Come 1943, Captain Charles Ryder and his platoon have spent four years being shuffled from billet to billet, waiting to see action. Their latest move doesn’t take them any closer to battle either. Their new billet is the sprawling Brideshead estate, which Ryder has visited before, some 20 years earlier.
In 1923 the young Charles goes up to Oxford, where everyone he meets is rich, charming, sharp, intellectual, and utterly, utterly dull. Then he meets Sebastian Flyte and his near-constant companion, the teddy bear Aloysius. Richer and more aristocratic than anyone else Charles has ever met, Sebastian comes from a class that can afford never to grow up. In the early 1920s Brideshead is just one big nursery for the overgrown children who live there.
As someone whose childhood was blighted by the loss of his mother during the First World War, and who spent a lonely adolescence with a father wrapped up in his own private grief, Charles is attracted to Sebastian’s apparent infantilism. Afternoons are spent at leisure, hiding from the rest of the family and sunbathing naked on the roof. Charles gets to have the youth he missed out upon.
But when he meets the rest of the Marchmain family he gradually learns that bluster is superficial, beneath it there is a hidden sadness, that things are always more complex than they seem, and that nothing lasts forever. At its most basic level it is a story about growing up, and how growing up often means growing apart, but it’s not just Charles and Sebastian’s relationship that suffers from this natural entropy.
Even on Charles’s first visit he finds the house at Brideshead in a state of casual disrepair. Rooms are abandoned, unused or simply filled as storage, and the private Catholic chapel that has been the spiritual heart of the house for generations is threatened with deconsecration by the bishop. Evelyn Waugh is capturing the twilight days not just of the house or the Marchmain family, but of an entire incongruously antiquated aristocratic class, expecting to live like they have always done whilst the rest of the country progresses without them.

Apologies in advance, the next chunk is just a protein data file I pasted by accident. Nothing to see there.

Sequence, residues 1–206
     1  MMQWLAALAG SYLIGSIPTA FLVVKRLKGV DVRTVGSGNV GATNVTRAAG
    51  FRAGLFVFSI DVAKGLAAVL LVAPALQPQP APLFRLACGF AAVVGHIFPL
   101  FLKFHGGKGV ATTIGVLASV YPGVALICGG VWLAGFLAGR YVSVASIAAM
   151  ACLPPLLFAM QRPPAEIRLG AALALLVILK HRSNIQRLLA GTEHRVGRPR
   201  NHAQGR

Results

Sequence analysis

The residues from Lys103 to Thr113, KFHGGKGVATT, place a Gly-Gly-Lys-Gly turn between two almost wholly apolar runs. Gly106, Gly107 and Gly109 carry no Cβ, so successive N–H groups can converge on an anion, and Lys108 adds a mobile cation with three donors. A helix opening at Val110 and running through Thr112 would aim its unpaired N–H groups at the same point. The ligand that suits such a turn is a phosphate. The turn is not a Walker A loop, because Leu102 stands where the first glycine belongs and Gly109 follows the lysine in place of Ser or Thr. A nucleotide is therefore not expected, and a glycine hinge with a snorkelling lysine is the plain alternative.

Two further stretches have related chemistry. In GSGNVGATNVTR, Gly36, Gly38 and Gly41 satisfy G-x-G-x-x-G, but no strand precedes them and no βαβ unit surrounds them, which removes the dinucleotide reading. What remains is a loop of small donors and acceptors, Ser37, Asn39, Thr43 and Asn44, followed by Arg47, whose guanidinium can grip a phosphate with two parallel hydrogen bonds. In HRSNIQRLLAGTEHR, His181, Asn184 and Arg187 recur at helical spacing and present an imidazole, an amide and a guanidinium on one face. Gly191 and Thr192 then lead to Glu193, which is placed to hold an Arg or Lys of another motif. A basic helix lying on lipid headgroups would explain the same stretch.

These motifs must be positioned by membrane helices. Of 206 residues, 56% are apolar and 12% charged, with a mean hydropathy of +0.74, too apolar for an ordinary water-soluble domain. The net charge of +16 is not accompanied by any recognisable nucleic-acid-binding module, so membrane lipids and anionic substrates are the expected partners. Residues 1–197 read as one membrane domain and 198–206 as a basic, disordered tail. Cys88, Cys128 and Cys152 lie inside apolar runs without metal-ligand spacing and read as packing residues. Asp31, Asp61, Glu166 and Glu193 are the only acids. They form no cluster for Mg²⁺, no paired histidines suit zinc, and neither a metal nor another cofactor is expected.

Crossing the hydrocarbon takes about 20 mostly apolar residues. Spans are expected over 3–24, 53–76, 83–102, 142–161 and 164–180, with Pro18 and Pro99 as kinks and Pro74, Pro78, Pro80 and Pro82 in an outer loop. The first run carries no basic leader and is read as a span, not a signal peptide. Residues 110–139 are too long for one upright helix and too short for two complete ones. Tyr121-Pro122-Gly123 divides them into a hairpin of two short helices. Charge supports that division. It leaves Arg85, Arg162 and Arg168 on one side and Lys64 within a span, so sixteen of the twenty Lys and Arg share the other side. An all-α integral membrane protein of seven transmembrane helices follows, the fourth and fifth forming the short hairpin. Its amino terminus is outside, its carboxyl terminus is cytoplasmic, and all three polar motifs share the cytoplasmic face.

That’s the nature of aristocratic freedom, Waugh seems to say. As Charles realises, too late for himself, to be at the top is to be alone, and isolation lets loneliness ferment into something destructive, which must be inherited along with the house and the title. As it is, Sebastian may escape the novel but Charles does not.
The Marchmains don’t see themselves as being at the top, of course. Above them is the bishop, and then the cardinals, the Pope, Christ, God. They sit quite a way down that hierarchy. With plenty of broken marriages and infidelity to go round, the Marchmains are hardly the most devout sons and daughters of the Church, but they allow their catechesis to create an impeding structure of rules and restrictions that convinces them they are not as free and as blessed as they really are.
As such, for all its breezy lightness in the early chapters following Charles and Sebastian’s exploits, and despite later moments of pure comic gold (including an almost blasphemously funny attempted conversion to Catholicism that makes mention of sacred monkeys that live in the Vatican…), Brideshead Revisited ends up being something of a tragedy, about unrequited love, missed opportunities, and unfulfilled potential.
Though it’s also worth mentioning there’s a bit where Charles and Sebastian make a concerted effort to avoid the boys of the Bullingdon Club, so some things clearly haven’t changed.